Valohai ML platform logo

What if Edison Was a Data Scientist?

The Inventor

Thomas Alva Edison stormed out of a classroom at age seven - after being called "addled" - and never really returned. Homeschooled by his mother, what he lacked in formal education, he made up for in perseverance. All 1093 patents later - for such wonders as the microphone, telephone receiver, stock ticker, phonograph, movies, office copiers, and incandescent electric light - we can conclude that his mother did something right.

Young Thomas Edison

Thomas Edison at the age of 14

To invent, you need a good imagination and a pile of junk.

Thomas Edison

One of the first books she made him read was the School of Natural Philosophy, explaining how to perform chemistry experiments, which transformed young Edison into a mad scientist. He reproduced every single experiment in the book, turning their cellar into a chemistry lab. Amazingly, the house never burned down.

But it wasn't easy. Edison worked hard to make money by selling magazines on the train to finance bottles, chemicals, wires, and other required hardware. Even after securing a respectable monthly salary, skipping meals became commonplace to afford more equipment as his appetite for more elaborate experiments grew. Edison even hustled permission to use the train's baggage car to feed his obsession. Fast-moving trains and volatile chemicals do not mix well, and unlike his family home, the baggage car did not survive it.

The Invention Factory

Adult Thomas Edison

Inventing is never easy.

I have not failed.
I’ve just found 10,000 ways that won’t work.

Thomas Edison

His entire life, Edison was a pioneer, a first mover. Still, our romantic idea of a lone mastermind fools us. Edison didn't invent the light bulb - the very archetype of an invention - or most of the other 1092 patented items with his name. They were slowly developed by teams under his supervision, slightly improving well-known ideas that originated elsewhere.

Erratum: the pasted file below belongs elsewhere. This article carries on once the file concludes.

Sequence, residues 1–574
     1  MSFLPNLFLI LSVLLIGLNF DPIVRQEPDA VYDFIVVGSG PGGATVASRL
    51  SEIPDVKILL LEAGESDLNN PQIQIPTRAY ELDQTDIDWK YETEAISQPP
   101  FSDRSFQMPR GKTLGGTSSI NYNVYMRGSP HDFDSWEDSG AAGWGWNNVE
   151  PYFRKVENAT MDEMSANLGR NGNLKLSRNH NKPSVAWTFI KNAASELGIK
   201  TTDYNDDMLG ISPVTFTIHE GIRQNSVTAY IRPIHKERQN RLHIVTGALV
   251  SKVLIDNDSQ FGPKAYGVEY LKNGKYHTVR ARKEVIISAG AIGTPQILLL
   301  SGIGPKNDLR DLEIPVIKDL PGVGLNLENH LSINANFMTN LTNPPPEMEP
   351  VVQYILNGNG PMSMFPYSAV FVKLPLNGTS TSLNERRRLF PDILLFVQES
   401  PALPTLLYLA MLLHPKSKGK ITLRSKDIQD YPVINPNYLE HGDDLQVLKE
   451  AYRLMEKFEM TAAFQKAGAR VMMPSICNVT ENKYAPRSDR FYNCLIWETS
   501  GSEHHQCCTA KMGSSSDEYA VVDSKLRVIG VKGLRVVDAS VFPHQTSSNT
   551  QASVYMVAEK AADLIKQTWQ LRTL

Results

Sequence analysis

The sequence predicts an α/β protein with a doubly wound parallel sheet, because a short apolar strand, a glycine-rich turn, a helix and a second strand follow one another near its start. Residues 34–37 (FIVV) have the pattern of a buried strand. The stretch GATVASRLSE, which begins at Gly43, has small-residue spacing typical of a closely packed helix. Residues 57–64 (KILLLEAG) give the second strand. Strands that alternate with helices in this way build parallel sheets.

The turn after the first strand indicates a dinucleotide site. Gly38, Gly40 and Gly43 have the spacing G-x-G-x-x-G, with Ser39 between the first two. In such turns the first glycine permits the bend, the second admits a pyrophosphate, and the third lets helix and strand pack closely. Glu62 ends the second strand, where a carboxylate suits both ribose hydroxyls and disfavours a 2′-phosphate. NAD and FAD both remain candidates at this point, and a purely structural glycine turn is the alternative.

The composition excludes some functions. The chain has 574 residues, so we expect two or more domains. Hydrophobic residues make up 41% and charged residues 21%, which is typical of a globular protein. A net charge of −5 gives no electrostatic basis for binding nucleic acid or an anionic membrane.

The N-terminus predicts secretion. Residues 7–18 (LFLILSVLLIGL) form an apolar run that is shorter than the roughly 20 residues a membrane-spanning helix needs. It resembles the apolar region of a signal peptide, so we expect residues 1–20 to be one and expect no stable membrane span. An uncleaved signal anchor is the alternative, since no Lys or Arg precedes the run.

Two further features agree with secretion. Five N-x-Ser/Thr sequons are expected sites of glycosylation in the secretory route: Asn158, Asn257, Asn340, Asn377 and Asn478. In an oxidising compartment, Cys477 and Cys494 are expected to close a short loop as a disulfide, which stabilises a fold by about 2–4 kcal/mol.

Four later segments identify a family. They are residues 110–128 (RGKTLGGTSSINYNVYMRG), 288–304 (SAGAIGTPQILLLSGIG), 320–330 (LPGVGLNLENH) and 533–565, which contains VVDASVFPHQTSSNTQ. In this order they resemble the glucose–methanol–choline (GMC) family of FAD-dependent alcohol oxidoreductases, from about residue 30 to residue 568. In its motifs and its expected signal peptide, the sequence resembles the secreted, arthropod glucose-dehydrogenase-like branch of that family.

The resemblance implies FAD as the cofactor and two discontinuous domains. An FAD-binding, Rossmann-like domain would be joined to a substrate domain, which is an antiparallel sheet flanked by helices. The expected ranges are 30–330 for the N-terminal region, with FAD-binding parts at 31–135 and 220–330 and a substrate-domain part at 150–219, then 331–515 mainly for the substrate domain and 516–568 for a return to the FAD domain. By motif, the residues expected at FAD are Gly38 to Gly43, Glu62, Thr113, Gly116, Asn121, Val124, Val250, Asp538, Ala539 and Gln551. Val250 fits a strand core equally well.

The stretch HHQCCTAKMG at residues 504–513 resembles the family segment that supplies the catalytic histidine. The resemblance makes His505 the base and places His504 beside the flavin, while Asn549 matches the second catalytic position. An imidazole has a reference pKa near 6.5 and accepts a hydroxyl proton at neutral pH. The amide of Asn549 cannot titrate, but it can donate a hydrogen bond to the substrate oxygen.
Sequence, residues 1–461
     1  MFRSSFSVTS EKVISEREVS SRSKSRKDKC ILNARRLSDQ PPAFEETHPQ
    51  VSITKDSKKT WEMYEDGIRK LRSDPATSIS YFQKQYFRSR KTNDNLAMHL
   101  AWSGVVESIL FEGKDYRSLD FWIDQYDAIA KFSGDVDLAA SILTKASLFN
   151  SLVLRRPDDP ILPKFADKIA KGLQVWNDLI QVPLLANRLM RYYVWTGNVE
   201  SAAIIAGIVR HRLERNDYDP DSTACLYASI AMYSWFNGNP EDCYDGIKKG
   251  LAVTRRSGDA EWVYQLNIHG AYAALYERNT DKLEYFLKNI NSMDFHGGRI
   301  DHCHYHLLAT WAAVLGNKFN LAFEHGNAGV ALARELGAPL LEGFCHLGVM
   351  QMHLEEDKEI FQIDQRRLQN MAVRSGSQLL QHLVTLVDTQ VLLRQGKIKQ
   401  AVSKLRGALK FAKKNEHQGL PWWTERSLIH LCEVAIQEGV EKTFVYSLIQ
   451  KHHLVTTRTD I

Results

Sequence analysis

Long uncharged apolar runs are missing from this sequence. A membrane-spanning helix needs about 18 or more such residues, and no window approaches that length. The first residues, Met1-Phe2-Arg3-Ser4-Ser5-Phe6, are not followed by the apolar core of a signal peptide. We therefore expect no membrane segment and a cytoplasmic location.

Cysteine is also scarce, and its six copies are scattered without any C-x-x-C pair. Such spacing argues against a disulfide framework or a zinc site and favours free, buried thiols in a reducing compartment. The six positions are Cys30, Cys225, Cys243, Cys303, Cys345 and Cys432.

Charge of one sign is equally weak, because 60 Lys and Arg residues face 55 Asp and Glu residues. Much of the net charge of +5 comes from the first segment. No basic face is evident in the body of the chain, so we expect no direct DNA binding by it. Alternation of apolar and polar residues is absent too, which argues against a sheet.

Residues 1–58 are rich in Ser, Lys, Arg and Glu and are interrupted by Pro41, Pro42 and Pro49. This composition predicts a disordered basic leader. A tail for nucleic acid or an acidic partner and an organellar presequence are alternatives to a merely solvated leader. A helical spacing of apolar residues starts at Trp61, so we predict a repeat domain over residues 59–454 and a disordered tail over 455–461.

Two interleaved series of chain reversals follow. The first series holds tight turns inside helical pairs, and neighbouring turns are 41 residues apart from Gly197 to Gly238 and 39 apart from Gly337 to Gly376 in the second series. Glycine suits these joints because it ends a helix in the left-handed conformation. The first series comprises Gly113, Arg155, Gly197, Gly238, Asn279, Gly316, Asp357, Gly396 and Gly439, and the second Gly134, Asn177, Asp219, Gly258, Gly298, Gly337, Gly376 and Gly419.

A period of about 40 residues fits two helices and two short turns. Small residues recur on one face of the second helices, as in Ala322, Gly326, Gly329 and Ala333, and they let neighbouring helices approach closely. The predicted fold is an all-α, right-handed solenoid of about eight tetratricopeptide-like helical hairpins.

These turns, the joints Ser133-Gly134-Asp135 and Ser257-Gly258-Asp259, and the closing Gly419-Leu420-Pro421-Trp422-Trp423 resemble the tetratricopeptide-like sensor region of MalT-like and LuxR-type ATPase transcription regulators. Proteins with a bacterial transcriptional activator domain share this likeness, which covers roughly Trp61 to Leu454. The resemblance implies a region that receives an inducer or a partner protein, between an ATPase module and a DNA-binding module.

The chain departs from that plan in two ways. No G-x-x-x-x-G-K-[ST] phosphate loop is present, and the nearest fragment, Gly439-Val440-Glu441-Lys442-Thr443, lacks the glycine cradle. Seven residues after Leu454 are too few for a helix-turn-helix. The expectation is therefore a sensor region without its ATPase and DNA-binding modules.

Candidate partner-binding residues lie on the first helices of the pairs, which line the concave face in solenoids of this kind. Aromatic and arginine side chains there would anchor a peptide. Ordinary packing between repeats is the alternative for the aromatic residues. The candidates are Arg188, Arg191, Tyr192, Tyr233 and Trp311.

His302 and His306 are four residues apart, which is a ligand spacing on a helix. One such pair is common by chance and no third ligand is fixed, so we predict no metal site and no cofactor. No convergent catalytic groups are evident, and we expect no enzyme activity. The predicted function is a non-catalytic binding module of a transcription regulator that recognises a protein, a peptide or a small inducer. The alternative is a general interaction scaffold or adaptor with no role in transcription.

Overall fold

Instead, Edison's greatest invention was the process of invention itself.

Early on, he realized how the sheer logistics of experimentation limited progress. Securing the funding, acquiring the materials, and doing all the manual work himself, capped the rate of experimentation. To break through this bottleneck, he would need to industrialize the process of invention - like his best buddy Henry Ford industrialized the process of car manufacturing - and build an invention factory.

The layout of the Edison’s invention factory complex c. 1914

The layout of the Edison’s invention factory complex c. 1914

Thomas Edison and senior staff at Menlo Park invention factory

Thomas Edison and senior staff at Menlo Park invention factory

In one of his letters to investors, he vowed to create at least one small invention every week and a large, society-changing one every six months. This would be achieved by offering a team of master experimenters and craftsmen a shared facility with every tool, science book and material known to man on-premise with a clear process to follow.

For example, his invention factory conducted 10,296 experiments before finalizing the design for its nickel-iron storage battery, which charged twice as fast as any other battery on the market. The fact that we know the exact number of experiments speaks volumes.

Every team meticulously documented progress or even a whiff of an idea. The invention factory even hired special bookkeepers to gather and organize the trail crumbs of the mad scientists. Edison didn't want to waste any resources on redundant experiments or litigating ambiguously documented patents, both mistakes that had cost him dearly.